Adelaide River War Cemetery

imageOne of the most obvious aspects of Darwin when you visit for the first time is the effect that World War II had on the Top End.

Darwin and many other areas in the north came under regular bombing attacks from Japanese forces, beginning g with the first invasion on 19th February, 1942. This date is important because it marks the first time that the Commonwealth of Australia came under direct attack from an enemy force.

When you visit Darwin there are hundreds of World War II relics. The best place to understand what happened when the invasion occurred is at the excellent Darwin Military Museum. However, to fully understand and the human suffering it is worthwhile visiting the Adelaide River War Cemetery, which is located 114 kilometres south of Darwin on the Stuart Highway.

Adelaide River was the headquarters of a large base and the Adelaide River War Cemetery was created especially for the burial of servicemen and women who died in this part of Australia.

It has a serene location just over one kilometre off the highway, directly opposite the Adelaide River.

The grounds are immaculately maintained, and there is an eerie calm about the place. I have visited the cemetery a number of times and even when the cemetery is busy, as school and tour groups often visit, you can still find solitude as you amble along visiting the graves.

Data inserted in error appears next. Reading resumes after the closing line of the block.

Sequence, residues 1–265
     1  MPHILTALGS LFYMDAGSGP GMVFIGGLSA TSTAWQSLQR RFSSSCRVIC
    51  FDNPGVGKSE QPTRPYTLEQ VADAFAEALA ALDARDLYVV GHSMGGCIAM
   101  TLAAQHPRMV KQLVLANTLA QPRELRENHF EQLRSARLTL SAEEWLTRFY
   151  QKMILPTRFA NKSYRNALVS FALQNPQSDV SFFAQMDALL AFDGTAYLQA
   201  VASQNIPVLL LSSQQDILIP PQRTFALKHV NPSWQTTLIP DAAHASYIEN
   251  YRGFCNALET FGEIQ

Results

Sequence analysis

Inside the cemetery there are 434 burials, comprising 14 airmen of the Royal Air Force, 12 unidentified men of the British Merchant Navy, one soldier of the Canadian Army, 18 sailors, 181 soldiers and 201 airmen belonging to the Australian forces, and seven men of the Australian Merchant Navy.

Often you will find flowers, or flags and even photographs that have been left by family members. That one tiny Canadian flag flutters in its corner of the cemetery, as a reminder that war does affect people of many nations.

The War Cemetery adjoins the Adelaide River Civil Cemetery, in which are buried 63 civilians, including nine Post Office workers who were killed on 19 February 1942, as a result of a direct hit on the Post Office by Japanese bombs.

Thirty-one Aboriginal people are among the dead who lie in that part of the cemetery.

Visit the Darwin Military Museum before going to the War Cemetery, as there will re-live the last moments of many of the individuals who are now at rest in the cemetery. To know beforehand of the fate of those who now lie at Adelaide River really does add meaning to your visit.

Adelaide River is an easy one hour drive from Darwin, and there are various tour companies which include the war cemetery as part of their itineraries.

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